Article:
• Give the software inputs and check outputs for accuracy
  • Observe the results of user testing for UX and any new features

 

#3. Compare different design approaches or implementations

Comparison testing can also be performed on a more granular level. You can also use this technique to compare individual feature approaches to see which are best.

Goals

To evaluate different features and bring an objective, data-driven approach to decision-making.

Methods

  • Compare different UI designs, and A/B test them to see which leads to superior engagement
  • Compare different architectures or algorithms to test the speed and quality of performance
  • Compare database structures for performance and security.

 

#4. Compare performance across different platforms and devices

Comparison testing can also target how your software runs on different platforms and devices.

Goals

With so many potential environments that your software will be run on, you need to ensure both compatibility and consistent performance.

Methods

  • Test a web application on in different browsers
  • See how your software works across different operating systems
  • Explore different hardware configurations and how they impact software performance and usability

 

#5. Compare results using different data sets

Complex software must accept a wide variety of data. Comparison testing can evaluate how well your application handles data and inputs.

Goals

To ensure that software is stable and secure when handling inputs and edge cases.

Methods

  • Test a search function with new inputs
  • Deliberately send the software invalid inputs to see if it throws appropriate error messages
  • Check data processing with a variety of inputs.

 

Comparison testing tools

ZAPTEST RPA + Test Automation suite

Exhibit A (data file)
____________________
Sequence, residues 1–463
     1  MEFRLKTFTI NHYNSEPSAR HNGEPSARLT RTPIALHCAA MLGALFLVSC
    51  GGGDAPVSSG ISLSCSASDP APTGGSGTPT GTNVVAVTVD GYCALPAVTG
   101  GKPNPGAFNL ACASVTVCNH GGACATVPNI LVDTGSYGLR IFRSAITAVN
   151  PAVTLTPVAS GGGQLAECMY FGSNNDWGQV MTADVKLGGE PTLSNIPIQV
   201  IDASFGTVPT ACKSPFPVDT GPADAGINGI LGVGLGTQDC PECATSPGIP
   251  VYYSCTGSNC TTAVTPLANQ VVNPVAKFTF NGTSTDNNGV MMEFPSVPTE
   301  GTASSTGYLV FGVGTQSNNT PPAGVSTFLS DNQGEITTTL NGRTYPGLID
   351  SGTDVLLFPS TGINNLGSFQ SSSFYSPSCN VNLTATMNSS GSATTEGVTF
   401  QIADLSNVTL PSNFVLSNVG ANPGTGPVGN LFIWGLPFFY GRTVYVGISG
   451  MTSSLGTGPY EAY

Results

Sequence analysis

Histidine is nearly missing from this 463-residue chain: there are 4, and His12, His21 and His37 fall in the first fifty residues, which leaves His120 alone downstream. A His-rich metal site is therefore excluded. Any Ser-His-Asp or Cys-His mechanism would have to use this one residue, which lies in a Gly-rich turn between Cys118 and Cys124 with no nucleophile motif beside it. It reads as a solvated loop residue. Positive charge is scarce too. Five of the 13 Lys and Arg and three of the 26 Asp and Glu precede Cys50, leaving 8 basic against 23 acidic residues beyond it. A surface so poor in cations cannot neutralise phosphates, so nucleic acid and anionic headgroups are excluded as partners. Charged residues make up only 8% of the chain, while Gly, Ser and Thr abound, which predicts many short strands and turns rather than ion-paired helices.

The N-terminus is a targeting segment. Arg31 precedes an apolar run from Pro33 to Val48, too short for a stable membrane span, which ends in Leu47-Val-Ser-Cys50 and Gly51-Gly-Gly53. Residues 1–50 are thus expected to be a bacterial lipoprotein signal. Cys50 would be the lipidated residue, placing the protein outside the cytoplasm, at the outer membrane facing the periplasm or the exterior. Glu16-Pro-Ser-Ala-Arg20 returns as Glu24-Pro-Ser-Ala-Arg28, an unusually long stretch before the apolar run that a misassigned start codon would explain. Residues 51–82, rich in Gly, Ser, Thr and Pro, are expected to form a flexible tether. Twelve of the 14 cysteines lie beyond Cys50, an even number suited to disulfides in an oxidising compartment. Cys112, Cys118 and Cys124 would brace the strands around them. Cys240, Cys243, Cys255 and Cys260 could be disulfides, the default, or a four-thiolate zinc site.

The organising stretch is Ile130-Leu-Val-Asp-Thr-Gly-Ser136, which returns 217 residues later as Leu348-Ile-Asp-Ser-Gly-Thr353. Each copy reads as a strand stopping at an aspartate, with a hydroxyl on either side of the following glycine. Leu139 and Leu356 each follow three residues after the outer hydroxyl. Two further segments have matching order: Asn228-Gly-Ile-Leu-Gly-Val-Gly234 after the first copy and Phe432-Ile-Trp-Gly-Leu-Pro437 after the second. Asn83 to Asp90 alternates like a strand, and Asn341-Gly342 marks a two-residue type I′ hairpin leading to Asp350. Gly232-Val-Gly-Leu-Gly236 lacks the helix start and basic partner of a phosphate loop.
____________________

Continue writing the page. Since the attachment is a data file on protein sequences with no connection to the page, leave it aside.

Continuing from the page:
As you can see, comparison testing involves a wide range of different software techniques and approaches. Almost any domain of software testing can be evoked so that you can compare the performance of an application against a competing tool or previous version.

As such, the best comparison testing tool for the job must be versatile, highly customizable, and feature a wide range of testing options. ZAPTEST is the perfect solution because of its cross-platform testing capabilities, visual testing power, and superb RPA tools that can help you automate large amounts of testing.

ZAPTEST allows users to easily create test cases, execute tests in parallel across multiple environments and devices, generate AI-powered insights, and report and document their tests. What’s more, the tools’ powerful RPA capabilities mean you can automate data preparation, streamline reporting, and enable continuous testing, all while reducing the need for time-consuming, expensive, and error-strewn manual testing.

Download ZAPTEST’s Software Test Automation + RPA Software today!

 

Final thoughts

Comparison testing is a useful testing approach that helps you measure your software against rival tools or previous versions. It’s an excellent way to understand how the features and performance of your solution stack up against competing tools so you can understand your market position. While it’s not a replacement for other types of testing, it forms an important part of a comprehensive approach to testing.

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Alex Zap Chernyak

Alex Zap Chernyak

Founder and CEO of ZAPTEST, with 20 years of experience in Software Automation for Testing + RPA processes, and application development. Read Alex Zap Chernyak's full executive profile on Forbes.